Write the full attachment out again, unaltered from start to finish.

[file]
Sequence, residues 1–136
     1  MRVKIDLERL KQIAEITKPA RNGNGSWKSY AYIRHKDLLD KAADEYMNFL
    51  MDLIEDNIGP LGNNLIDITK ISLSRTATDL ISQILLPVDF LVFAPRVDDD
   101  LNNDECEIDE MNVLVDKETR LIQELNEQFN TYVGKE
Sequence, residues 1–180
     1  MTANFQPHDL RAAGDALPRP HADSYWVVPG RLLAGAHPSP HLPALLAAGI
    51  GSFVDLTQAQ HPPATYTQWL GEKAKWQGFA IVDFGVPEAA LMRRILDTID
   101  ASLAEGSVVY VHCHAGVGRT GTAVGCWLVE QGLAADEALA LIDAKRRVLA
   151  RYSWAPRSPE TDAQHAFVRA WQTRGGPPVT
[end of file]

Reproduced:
Sequence, residues 1–136
     1  MRVKIDLERL KQIAEITKPA RNGNGSWKSY AYIRHKDLLD KAADEYMNFL
    51  MDLIEDNIGP LGNNLIDITK ISLSRTATDL ISQILLPVDF LVFAPRVDDD
   101  LNNDECEIDE MNVLVDKETR LIQELNEQFN TYVGKE
Sequence, residues 1–180
     1  MTANFQPHDL RAAGDALPRP HADSYWVVPG RLLAGAHPSP HLPALLAAGI
    51  GSFVDLTQAQ HPPATYTQWL GEKAKWQGFA IVDFGVPEAA LMRRILDTID
   101  ASLAEGSVVY VHCHAGVGRT GTAVGCWLVE QGLAADEALA LIDAKRRVLA
   151  RYSWAPRSPE TDAQHAFVRA WQTRGGPPVT